The more exceptions you carve out, and the less the thing is starting to look like a right and the more confusing the law becomes. Also, if the law is confusing, then people really can’t identify when their rights are violated very easily. And they don’t know how they can behave.

      That said, I think I like strict scrutiny rather than being TRULY absolutist.

    2. I suspect there are quite a few 1A absolutists here. It’s a nice refuge.

  14. been practicing environmental law for 36 years and have taught environmental law as an adjunct for 24 years

  15. Judicial staff attorney at a state trial court.

  16. Union-side labor lawyer in a large East Coast city. Almost retired about about 40 years of practice, but will probably continue doing pro bono public interest stuff.

  17. As in years past, Berkeley Law grad, Amlaw 100 partner, regular reader and sometime commenter for many years. Now approaching retirement, held back primarily by the feeling that it would be unmanly to retire before age 65.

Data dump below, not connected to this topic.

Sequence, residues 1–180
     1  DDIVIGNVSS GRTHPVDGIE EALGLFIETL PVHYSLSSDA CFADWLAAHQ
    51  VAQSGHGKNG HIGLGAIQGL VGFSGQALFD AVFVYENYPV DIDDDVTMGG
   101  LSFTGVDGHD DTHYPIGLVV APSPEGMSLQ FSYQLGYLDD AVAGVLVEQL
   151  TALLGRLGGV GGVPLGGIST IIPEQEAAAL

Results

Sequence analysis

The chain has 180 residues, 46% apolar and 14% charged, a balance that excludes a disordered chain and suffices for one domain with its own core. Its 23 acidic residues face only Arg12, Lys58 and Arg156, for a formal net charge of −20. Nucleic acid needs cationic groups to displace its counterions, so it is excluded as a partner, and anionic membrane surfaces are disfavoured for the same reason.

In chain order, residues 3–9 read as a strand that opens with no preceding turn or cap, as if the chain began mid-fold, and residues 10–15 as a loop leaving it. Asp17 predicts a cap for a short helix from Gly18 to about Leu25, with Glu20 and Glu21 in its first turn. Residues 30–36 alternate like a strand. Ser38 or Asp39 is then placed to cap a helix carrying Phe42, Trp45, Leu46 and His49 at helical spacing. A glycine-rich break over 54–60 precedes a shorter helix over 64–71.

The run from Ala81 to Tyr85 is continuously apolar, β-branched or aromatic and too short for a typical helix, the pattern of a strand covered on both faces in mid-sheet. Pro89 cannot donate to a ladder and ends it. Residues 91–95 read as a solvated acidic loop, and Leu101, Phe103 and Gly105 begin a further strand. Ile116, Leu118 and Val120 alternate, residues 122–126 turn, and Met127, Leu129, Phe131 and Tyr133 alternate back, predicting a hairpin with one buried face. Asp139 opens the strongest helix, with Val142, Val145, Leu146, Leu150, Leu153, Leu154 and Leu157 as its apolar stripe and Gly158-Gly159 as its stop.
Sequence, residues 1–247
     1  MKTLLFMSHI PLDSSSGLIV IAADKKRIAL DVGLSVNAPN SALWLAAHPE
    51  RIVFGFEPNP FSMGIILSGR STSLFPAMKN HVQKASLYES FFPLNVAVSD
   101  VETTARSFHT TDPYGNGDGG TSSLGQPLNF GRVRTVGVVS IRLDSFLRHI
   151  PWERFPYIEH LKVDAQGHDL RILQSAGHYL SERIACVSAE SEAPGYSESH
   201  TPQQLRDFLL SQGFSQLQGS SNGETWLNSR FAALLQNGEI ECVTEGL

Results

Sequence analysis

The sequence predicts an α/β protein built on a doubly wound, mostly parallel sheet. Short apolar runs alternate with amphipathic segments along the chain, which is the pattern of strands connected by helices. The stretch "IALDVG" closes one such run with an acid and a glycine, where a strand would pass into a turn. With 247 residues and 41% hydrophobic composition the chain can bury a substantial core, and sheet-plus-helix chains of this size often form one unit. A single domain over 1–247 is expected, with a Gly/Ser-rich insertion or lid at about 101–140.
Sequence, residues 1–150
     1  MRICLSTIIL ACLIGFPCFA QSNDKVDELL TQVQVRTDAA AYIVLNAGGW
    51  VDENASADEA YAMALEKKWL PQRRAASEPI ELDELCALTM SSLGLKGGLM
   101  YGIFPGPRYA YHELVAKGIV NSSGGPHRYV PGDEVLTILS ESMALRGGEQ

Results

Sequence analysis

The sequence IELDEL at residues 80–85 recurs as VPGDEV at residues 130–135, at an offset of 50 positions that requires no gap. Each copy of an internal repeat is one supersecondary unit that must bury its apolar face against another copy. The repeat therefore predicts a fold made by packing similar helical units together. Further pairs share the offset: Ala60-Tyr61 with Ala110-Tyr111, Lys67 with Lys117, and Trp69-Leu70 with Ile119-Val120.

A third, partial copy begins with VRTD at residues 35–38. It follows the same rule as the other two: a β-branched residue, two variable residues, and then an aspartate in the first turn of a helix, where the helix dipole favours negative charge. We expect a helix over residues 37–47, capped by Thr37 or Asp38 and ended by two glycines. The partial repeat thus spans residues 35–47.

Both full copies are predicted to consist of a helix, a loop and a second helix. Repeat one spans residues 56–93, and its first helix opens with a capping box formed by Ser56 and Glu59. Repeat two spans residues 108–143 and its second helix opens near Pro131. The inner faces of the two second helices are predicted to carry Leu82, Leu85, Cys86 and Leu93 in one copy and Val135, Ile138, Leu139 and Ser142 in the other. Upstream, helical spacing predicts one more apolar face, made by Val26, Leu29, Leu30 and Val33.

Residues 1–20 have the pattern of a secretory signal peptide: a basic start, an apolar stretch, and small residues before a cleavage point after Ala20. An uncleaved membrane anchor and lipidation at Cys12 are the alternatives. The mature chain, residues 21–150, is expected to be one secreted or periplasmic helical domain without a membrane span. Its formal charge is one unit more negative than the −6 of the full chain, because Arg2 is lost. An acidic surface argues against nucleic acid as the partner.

1. Retirement doesn’t need to mean you don’t do anything with your time. You could do pro bono stuff or fight for some cause you care about. Or, you could do something interesting non-law related.

      It doesn’t really too much if you don’t retire as long as you like your job. But, remember, you only live once. Time is, by far, your most valuable asset. Spend it wisely.

  18. UCLA Law grad, federal prosecutor

  19. Emory Law grad. First-year lawyer and law clerk for a new federal district judge this past year. Still a little shaky about what I’m doing next in this COVID job market.

    1. I kind of feel as though with that great law school and the federal clerkship under your belt, that you won’t have too much of a hard time.

      But, let me guess. You didn’t get this far without worrying about things, right?

  20. Judicial staff attorney for more than 3 decades. Semi-retired.